15
Reply3 years ago

https://www.duolingo.com/Atrox9
Atrox9
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And in an earlier lesson, when I translated maestro as master rather than teacher, it was marked wrong.

0
Reply10 months ago

https://www.duolingo.com/PedroDuo87
PedroDuo87
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In dutch we say: "Oefening baart kunst."

-4
Reply3 years ago

https://www.duolingo.com/AustinBlues

That is how I translated it. Now (Sept 14, 2015) that is marked as incorrect

0
Reply2 years ago

https://www.duolingo.com/jack.george

I agree but I used teacher and it is not accepted. Your thinking makes good sense to me.

-4
Reply4 years ago

https://www.duolingo.com/PERCE_NEIGE
PERCE_NEIGE
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That's normal, never try to translate word by word an idiomatic expression, it's almost always wrong. When you have this kind of expression, try to find another expression in the language in which you want to translate it, that means the same thing. Practice makes the teacher has no sense in English. The meaning is when you pratice something, you can master this. And there's nothing to do with the teacher or teaching something, even in the Spanish expression.

4
Reply4 years ago

https://www.duolingo.com/JGarrick62

Given the number of nonsensical statements we encounter on Duo, being able to recognize idiomatic expressions we've not previously seen in a language we don't know is a fairly low probability venture. In this case I had the idiom handed to me in the hover hint. I doubt I'd have guessed it without that.

33
Reply4 years ago

https://www.duolingo.com/PERCE_NEIGE
PERCE_NEIGE
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Yeah, they should at least warn it's idiomatic. but maybe they count on the forum to do this. We should make the suggestion among the improvement suggestions, but their suggestion management is very poor, even if I persuaded they do their best to improve the site, they're just poorly organized.

0
4 years ago

https://www.duolingo.com/Principito_Rojo

You've missed the entire point of the English version of this idiom.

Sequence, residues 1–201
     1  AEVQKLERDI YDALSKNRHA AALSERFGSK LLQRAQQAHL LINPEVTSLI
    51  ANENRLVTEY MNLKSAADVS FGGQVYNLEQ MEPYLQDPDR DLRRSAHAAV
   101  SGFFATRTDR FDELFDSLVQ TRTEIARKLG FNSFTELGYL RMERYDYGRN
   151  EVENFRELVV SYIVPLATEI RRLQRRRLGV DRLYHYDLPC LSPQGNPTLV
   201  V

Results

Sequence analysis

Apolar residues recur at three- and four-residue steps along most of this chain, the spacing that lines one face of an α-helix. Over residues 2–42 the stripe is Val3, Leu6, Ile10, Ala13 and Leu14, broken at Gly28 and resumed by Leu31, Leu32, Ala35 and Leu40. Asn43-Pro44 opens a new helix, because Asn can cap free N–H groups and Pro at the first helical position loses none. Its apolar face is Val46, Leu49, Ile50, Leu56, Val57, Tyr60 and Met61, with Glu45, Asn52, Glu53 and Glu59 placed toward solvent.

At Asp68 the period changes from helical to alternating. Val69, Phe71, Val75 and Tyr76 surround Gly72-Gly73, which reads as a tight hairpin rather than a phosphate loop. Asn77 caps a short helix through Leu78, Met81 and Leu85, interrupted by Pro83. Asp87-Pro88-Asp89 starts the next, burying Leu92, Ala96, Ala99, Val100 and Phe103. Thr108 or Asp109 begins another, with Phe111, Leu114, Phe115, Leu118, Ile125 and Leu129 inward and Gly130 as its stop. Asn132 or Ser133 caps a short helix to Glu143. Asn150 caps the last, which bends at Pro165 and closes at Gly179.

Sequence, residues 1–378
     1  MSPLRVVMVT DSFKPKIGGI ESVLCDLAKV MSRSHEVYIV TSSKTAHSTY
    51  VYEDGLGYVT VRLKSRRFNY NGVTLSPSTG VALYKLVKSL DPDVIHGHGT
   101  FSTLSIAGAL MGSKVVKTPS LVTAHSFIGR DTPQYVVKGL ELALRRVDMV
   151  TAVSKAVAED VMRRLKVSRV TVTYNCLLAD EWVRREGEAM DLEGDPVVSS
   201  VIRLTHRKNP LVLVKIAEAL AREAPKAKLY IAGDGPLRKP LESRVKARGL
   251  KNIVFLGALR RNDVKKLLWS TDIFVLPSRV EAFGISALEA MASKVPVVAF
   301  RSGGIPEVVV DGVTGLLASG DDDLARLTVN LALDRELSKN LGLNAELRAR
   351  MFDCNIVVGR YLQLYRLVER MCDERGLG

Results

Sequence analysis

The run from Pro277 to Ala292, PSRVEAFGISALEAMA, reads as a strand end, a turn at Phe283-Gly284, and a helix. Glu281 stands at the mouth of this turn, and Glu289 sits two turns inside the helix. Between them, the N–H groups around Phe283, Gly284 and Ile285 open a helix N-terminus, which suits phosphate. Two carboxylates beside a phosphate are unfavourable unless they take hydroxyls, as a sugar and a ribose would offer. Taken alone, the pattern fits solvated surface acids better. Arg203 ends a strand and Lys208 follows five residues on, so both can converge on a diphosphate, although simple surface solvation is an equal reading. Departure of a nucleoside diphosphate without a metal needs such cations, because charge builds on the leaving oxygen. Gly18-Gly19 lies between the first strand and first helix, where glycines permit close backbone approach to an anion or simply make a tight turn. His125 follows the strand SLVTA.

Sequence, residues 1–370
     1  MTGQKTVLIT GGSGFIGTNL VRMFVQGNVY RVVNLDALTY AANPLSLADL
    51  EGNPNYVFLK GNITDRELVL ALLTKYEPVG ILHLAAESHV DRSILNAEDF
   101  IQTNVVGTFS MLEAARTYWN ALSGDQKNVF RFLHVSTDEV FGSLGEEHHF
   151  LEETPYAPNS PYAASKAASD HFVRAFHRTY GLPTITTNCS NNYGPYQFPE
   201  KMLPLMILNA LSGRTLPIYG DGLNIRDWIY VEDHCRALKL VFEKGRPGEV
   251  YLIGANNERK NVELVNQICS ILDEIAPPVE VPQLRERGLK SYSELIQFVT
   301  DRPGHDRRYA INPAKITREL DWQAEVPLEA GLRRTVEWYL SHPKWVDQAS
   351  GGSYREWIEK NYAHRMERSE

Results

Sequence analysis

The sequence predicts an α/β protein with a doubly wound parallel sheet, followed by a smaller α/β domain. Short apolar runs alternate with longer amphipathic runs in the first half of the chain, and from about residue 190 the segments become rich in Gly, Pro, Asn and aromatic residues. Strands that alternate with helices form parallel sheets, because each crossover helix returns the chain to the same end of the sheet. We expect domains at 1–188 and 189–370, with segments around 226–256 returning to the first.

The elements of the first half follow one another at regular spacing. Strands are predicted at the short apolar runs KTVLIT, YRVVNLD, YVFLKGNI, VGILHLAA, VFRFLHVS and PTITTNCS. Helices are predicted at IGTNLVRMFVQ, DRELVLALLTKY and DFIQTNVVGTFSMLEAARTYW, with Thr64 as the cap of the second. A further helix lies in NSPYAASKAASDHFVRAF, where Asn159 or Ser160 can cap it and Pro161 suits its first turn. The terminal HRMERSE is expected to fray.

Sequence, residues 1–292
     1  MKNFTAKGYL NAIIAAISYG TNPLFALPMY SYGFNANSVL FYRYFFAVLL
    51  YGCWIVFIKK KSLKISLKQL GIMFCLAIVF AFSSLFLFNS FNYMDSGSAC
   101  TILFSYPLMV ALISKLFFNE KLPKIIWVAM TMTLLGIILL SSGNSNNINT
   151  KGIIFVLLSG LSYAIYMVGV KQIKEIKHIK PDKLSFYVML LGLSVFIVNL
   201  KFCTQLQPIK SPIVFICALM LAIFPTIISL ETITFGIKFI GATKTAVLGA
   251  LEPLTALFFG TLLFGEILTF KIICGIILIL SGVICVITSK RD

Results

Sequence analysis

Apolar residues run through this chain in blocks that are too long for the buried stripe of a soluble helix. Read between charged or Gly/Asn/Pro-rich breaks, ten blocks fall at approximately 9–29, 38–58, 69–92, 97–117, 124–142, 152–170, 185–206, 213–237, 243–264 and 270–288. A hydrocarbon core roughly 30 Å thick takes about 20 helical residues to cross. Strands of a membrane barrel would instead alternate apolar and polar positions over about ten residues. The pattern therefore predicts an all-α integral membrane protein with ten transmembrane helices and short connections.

-6
Reply4 years ago

https://www.duolingo.com/JGarrick62

I understand the idiom, but can anyone explain the function of "al" in the Spanish? This would seem to literally translate to "the practice makes to the master." Why do I need "a" following "hace?"

19
Reply4 years ago

https://www.duolingo.com/maxinedev

When the action of the verb is affecting a person or people (plural), there is always an "a" in front of the subject affected by the action. For example: I visit my father "Yo visito a mi padre", I visit my house "Yo visito mi casa (no "a", because house is not a person). Another example: I saw my family "Yo vi a mi familia" (family is comprised of human beings). I learned that early in the game, and practice turned me into a teacher.

54
Reply23 years ago

https://www.duolingo.com/SusanHill0

Thanks! your post was helpful! (Now help me remember it!!)

1
Reply3 years ago

https://www.duolingo.com/MJMGruver
MJMGruver
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The personal 'a' is used before a direct object that is a person. (Occasionally before animals.)

21
Reply4 years ago

https://www.duolingo.com/matthewfbyrnes

I have the same question. That "a" keeps sneaking in places I don't expect it.

8
Reply4 years ago

https://www.duolingo.com/demsw

As I understand it, the "a" precedes an object when when the object is animate i.e. a human being (I believe it can also be used with animals too). I am pretty sure this is true, but as soy gringa, you might want to check with a native.

10
Reply14 years ago

https://www.duolingo.com/iakobski

With animals, it's only pets. Never use the personal a with an animal that you're going to eat!

24
Reply14 years ago

https://www.duolingo.com/james.ray1
james.ray1
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Yes, because you wouldn't want to think of eating an object that was once animate! (I am a vegetarian).

-6
Reply3 years ago

https://www.duolingo.com/EugeneTiffany

The "a" goes before nouns.

-3
Reply2 years ago

https://www.duolingo.com/cdhicks1
cdhicks1
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I'll go with that

-4
Reply4 years ago

https://www.duolingo.com/M.-J.